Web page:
The horrific explosions at the Buratha mosque are likely to stoke the already raw tensions between Shiite and Sunni Muslims. The U.S. ambassador warned in an interview published Friday that sectarian civil war in Iraq could inflame the entire Middle East.
|Iraqi men carry a coffin during a funeral procession for a victim caught in a series of blasts at the Baratha mosque, in Baghdad, 07 April, 2006 (AFP Photo)|
Rescuers raced to and from the mosque, ferrying bodies from the walled compound on blood-soaked wooden pushcarts and loading them onto pickup trucks. City officials urged Iraqis to donate blood for the wounded.
Inside the mosque, blood stained the chipped and crumbling floor and spattered walls. A firefighter knelt to inspect the scene in the main prayer room.
Police said there were two suicide bombings at the mosque, and an Associated Press photographer saw evidence of two blasts — one at the outer wall surrounding the compound and another at the entrance to the mosque building. The blast in the entrance likely killed some worshippers inside.
But Jalal Eddin al-Sagheer, the preacher at the mosque and one of the country's leading politicians, said there were three bombings. One assailant came through the women's security checkpoint and blew up first, he said.
The preacher, who was not injured, said another raced into the mosque's courtyard while a third tried to enter his office before they both detonated their explosives.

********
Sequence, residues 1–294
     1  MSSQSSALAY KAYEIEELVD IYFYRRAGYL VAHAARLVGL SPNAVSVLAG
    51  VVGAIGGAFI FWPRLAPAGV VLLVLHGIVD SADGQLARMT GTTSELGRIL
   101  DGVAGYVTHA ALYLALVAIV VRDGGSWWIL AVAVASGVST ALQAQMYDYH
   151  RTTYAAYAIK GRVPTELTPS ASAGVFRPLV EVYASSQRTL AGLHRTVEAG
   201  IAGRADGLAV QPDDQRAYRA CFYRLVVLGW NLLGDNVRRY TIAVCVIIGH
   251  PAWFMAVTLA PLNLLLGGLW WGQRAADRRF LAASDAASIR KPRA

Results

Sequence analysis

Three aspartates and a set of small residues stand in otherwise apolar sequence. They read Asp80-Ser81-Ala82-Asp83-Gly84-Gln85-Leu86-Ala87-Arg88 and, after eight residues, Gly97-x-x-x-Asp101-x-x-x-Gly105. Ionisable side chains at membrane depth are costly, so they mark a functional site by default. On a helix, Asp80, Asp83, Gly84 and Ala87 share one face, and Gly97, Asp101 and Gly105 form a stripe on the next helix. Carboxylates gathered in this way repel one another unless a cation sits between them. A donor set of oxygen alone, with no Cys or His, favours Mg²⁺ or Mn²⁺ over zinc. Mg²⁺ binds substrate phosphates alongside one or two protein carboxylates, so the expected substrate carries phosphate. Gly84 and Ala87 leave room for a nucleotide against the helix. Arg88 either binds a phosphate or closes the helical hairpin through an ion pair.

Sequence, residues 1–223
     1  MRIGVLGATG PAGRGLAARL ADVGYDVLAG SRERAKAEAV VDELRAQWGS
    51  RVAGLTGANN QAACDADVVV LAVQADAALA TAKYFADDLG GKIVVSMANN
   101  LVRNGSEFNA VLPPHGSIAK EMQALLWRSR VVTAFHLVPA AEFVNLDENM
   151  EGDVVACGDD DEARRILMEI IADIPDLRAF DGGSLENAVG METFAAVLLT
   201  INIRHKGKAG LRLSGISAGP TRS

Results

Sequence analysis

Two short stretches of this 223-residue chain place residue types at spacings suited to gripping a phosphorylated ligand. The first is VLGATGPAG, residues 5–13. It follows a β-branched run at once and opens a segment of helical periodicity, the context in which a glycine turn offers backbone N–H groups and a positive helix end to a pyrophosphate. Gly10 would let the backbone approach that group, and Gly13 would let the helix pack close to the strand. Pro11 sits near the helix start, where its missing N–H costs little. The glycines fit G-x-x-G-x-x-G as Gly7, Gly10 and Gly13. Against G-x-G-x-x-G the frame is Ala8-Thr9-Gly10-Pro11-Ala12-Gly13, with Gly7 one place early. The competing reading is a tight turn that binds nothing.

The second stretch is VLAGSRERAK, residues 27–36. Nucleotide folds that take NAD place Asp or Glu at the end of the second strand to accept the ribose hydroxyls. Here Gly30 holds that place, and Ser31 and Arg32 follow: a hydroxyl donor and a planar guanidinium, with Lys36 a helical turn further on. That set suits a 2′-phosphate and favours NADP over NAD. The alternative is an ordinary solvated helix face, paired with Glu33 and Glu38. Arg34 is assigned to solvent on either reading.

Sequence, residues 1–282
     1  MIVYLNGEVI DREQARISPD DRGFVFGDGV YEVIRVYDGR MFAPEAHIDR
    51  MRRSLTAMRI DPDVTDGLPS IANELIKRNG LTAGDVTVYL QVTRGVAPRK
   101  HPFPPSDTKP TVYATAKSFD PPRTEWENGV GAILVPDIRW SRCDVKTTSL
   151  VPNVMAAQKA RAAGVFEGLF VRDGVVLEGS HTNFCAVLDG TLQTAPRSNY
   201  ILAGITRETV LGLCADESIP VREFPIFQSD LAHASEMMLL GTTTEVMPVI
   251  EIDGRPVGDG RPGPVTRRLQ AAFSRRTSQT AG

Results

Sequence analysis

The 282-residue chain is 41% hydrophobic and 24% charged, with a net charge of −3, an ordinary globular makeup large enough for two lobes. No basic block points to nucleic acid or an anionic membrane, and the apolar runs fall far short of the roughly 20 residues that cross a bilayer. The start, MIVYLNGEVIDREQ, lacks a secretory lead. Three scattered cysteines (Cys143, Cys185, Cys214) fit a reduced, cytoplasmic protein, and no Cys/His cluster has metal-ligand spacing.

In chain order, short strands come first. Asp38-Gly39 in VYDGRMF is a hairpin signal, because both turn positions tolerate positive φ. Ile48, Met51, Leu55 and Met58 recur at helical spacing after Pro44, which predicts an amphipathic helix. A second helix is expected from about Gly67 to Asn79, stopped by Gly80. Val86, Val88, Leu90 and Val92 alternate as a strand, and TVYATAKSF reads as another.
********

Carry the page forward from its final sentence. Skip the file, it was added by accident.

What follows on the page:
Al-Sagheer accused Sunni politicians and clerics of waging "a campaign of distortions and lies against the Buratha mosque, claiming that it has Sunni prisoners and mass graves of Sunnis."
"Shiites are the ones who are targeted as part of this dirty sectarian war waged against them as the world watches silently," he told Al-Arabiya television.
Mainstream Sunni Arab politicians condemned the bombings, calling on all religious and political leaders to come together in the interest of national unity.
"Bloodshed is forbidden," Sunni lawmaker Adnan al-Dulaimi told Iraqi television.
Also Friday, the U.S. military reported the deaths of four more American service members, including one who died from wounds suffered in Baghdad. Two Marines and a soldier were killed Thursday.
An Iraqi soldier allegedly shot and killed one of the Marines at a base near the Syrian border, and the Iraqi was then wounded by another Marine, a U.S. statement said. At least 2,349 members of the U.S. military have died since the beginning of the Iraq war in March 2003, according to an AP count.
Several hours before the suicide bombings, the Interior Ministry warned the public to avoid crowds near mosques and markets because of a car bomb threat.